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Your interviewer doesn’t need to know that you’re going through a tough time in your personal life. It might seem like a good idea to tell them about it to earn their sympathy, but interviewers are almost never going to make hiring decisions based on that.

Don’t try to appeal to an interviewer’s emotions or sympathy to get hired. Your case should be built on your merits.

Actually, the fact that you’re going through a difficult period in life could be grounds for dismissing you as an applicant because you might not be able to entirely focus on your new job and comply with its demands.

Your mind might get distracted by your troubles, you may have difficulty learning new things, and you might not show up on time.

Therefore, if things are tough for you, don’t mention it to your interviewer. Instead, get help from a qualified therapist who can help you work through those things.

14. Swear Words or Unprofessional language

It’s crucial to avoid swear words and unprofessional language in your interview. Words like F**K, S**T, B******T, D*MN, and other swear words make you look unprofessional.

On the flip side, don’t use high-level words that are uncommon in daily speech unless appropriate for the specific position. For example, if you’re interviewing for an IT position, you can use technical terms.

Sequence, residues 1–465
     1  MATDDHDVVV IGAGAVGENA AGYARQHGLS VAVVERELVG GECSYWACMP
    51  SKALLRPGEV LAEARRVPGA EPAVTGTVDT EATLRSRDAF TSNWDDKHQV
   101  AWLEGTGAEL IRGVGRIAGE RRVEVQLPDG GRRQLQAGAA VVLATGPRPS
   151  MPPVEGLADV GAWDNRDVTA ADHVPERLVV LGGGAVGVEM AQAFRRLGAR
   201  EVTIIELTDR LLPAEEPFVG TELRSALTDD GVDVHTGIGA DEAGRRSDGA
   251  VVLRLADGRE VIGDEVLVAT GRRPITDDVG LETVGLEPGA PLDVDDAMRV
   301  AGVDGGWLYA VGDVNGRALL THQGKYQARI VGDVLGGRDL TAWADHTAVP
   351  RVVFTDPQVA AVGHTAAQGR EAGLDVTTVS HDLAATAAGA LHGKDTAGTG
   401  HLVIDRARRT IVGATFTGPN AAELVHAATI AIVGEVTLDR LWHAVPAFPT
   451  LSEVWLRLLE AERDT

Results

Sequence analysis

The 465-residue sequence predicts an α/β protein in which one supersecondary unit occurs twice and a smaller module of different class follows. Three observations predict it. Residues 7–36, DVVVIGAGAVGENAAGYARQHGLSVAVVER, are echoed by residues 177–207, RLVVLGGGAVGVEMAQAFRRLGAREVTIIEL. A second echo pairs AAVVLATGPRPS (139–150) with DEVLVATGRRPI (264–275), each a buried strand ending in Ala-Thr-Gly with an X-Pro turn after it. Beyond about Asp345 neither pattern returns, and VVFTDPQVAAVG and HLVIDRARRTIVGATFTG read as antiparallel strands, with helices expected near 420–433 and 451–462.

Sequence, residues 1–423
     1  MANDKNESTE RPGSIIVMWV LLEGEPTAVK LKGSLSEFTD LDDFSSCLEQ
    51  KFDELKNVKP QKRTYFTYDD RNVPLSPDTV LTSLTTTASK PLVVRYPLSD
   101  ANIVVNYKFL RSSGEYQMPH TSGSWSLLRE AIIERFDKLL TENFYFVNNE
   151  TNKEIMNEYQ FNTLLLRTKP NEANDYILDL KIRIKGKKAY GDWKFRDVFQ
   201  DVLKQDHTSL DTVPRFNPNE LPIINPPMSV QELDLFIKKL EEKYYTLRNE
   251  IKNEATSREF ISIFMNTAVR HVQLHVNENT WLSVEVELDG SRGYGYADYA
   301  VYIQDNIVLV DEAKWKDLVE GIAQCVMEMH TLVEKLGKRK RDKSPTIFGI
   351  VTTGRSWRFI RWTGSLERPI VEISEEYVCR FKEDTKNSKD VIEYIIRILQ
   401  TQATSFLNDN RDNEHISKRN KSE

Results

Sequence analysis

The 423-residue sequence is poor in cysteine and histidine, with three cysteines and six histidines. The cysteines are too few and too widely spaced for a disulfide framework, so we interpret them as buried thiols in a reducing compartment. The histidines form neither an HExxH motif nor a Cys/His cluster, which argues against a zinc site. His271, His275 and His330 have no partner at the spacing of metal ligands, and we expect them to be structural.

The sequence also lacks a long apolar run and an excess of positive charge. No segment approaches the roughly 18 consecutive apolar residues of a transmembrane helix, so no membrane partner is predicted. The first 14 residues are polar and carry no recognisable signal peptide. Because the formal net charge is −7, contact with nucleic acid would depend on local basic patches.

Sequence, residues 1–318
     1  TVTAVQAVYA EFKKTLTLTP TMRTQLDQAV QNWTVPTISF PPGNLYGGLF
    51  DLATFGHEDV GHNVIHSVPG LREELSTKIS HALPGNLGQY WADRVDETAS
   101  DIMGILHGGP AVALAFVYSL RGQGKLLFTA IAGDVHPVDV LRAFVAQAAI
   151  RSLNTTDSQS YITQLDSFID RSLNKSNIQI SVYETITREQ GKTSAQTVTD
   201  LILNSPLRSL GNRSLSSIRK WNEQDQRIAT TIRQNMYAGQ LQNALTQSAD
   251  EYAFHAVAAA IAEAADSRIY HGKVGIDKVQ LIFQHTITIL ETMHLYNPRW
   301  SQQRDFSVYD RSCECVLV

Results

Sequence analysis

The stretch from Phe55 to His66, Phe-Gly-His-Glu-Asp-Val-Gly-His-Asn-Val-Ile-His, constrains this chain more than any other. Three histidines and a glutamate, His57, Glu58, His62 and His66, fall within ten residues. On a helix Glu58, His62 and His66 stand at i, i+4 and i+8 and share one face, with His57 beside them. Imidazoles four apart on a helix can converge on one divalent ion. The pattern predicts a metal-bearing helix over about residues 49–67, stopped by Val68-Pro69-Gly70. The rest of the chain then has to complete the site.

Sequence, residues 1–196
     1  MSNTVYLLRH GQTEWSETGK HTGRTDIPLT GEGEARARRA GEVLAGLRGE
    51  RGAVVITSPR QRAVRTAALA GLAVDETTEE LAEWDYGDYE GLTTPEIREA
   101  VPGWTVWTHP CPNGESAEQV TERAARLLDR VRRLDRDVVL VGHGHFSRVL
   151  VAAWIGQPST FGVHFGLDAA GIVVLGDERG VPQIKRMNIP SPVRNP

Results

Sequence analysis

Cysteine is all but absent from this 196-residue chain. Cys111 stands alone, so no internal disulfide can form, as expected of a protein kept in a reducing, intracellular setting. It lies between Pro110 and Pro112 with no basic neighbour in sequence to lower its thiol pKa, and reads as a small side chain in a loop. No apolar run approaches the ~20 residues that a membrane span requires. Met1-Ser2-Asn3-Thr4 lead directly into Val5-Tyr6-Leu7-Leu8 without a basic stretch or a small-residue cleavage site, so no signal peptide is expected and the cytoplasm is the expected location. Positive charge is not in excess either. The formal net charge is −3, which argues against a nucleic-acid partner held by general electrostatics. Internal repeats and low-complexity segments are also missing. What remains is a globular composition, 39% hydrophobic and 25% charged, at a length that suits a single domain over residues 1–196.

However, using words that look like you took them out of a thesaurus can make you seem arrogant and like you’re trying too hard. Use uncomplicated language that is easy to understand.

It’s not just swear words you should avoid. You should also avoid slang words, such as

  • Lit
  • Wicked
  • OMG

15. I Have No Questions

At the end of an interview, you may be asked if you have any questions for the interviewer. The wrong answer is, “I have no questions.”

That shows that you aren’t truly curious about the job. Having questions shows you have the desire to learn more and know as much about the position as possible, so you can be the best at it.

You should always prepare a few questions to ask the interviewer. You can reuse many of these questions in most interviews you attend.

Here are some examples:

  • What are the most important things for me to know when starting out and during the first few months?